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Q&A: Bryan Allen

by Staff Writer / Anaheim Ducks
"I’m excited. It’s definitely something new. We’ve been in the east since just after the lockout. Every time you go somewhere on the road, you always wonder, Is this a place I could someday play? And now I’m in Anaheim and I’m thrilled."
By Adam Brady

AnaheimDucks.com

Among the Ducks’ moves to shore up their defense on Sunday's opening day of free agency was the important signing of veteran blueliner Bryan Allen. The 31-year-old Allen is a big stay-at-home defenseman who played all 82 games for Carolina last season and ranked fourth in the league in blocked shots with 188.

The 6-5, 226-pounder was taken fourth overall by Vancouver in the 1998 NHL Entry Draft and has played in 601 career games with the Canucks (2001-06), Panthers (2006-11) and Hurricanes (2011-12). In Carolina, he earned a reputation as not just a gritty d-man, but one of the leaders in the locker room, attributes he’s looking forward to bringing to Anaheim.

From his offseason home in South Florida, Allen talked about coming to the Ducks.


What is your reaction to signing with Anaheim?
I’m excited. It’s definitely something new. We’ve been in the east since just after the lockout. Every time you go somewhere on the road, you always wonder, Is this a place I could someday play? And now I’m in Anaheim and I’m thrilled.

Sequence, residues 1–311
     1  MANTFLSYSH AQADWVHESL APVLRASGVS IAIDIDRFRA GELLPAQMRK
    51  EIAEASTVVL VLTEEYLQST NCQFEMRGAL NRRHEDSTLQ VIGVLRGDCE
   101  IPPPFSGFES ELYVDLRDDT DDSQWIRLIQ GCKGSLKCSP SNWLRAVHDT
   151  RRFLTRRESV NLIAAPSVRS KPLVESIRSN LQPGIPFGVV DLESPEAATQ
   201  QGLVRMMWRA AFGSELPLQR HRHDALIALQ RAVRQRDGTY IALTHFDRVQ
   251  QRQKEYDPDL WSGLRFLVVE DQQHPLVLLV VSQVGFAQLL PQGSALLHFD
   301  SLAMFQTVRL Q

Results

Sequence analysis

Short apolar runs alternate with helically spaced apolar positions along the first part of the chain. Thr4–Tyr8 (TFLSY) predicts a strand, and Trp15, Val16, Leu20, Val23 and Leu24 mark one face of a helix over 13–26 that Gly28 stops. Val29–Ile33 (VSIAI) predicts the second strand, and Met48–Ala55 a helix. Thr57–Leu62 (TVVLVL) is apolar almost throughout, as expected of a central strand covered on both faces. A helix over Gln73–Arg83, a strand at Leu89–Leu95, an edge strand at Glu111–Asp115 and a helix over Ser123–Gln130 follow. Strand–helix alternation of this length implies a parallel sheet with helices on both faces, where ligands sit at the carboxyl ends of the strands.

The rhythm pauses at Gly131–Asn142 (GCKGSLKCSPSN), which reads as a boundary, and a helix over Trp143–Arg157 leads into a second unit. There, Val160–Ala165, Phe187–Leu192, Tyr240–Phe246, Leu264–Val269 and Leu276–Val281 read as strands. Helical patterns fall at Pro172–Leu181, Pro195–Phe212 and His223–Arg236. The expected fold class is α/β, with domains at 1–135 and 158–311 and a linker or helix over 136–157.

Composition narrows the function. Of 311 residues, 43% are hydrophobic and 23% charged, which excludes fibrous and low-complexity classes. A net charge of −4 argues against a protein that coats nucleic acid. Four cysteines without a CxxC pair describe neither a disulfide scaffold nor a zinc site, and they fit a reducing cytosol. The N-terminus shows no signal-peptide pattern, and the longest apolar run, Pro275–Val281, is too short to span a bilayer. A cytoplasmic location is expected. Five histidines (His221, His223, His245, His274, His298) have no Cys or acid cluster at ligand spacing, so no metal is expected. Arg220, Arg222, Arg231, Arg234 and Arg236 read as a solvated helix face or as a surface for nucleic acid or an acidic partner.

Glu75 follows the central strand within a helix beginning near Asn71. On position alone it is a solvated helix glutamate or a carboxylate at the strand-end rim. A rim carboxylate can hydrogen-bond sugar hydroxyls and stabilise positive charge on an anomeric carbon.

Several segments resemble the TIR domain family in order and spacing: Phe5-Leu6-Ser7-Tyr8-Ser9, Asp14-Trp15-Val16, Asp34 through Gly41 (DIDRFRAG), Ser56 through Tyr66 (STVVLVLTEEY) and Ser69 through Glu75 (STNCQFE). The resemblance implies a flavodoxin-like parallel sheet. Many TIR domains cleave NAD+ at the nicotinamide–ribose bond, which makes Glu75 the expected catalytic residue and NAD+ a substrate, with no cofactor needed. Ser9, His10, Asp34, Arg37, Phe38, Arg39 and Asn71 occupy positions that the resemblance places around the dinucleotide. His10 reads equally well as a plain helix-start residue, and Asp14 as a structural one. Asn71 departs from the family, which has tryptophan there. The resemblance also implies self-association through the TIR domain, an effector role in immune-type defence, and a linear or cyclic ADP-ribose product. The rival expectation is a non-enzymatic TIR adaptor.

What do you know about Ducks, having played in the Eastern Conference the past few years?
I don’t know a lot. I know their star players and what they’re built around. I know Bob Murray a little bit from when we were both in Vancouver. But after that, not a whole lot. There are no former teammates.

How did the negotiations go?
There were various teams that were interested, but Anaheim was higher on my list of places to eventually go. When they called with an offer, it didn’t take long to accept.

"I’m more or less a stay-at-home defenseman. I’m also someone who plays with a bit of an edge. I’m not necessarily fighting all the time, but I’m a team player who stands up for my teammates and plays with an aggressive style."
What appealed to you about Anaheim?
They have a history of winning the Stanley Cup and the core players they’ve built around is exciting. For my family, being a little bit older and having a couple of kids [4-year-old Layla and 1-year-old Brenner], anyone you talk to says it’s a great place to live.

How would you describe your game for Ducks fans who haven’t seen you?
I’m more or less a stay-at-home defenseman. I’m also someone who plays with a bit of an edge. I’m not necessarily fighting all the time, but I’m a team player who stands up for my teammates and plays with an aggressive style.

In Carolina you were thought of as a leader in that locker room. Is that something you pride yourself on?
Definitely. It just goes along with character and being comfortable having played in the league for several years. It comes a little easier, especially when I was in Carolina and Florida. We had some pretty young teams, so you kind of get into that role naturally.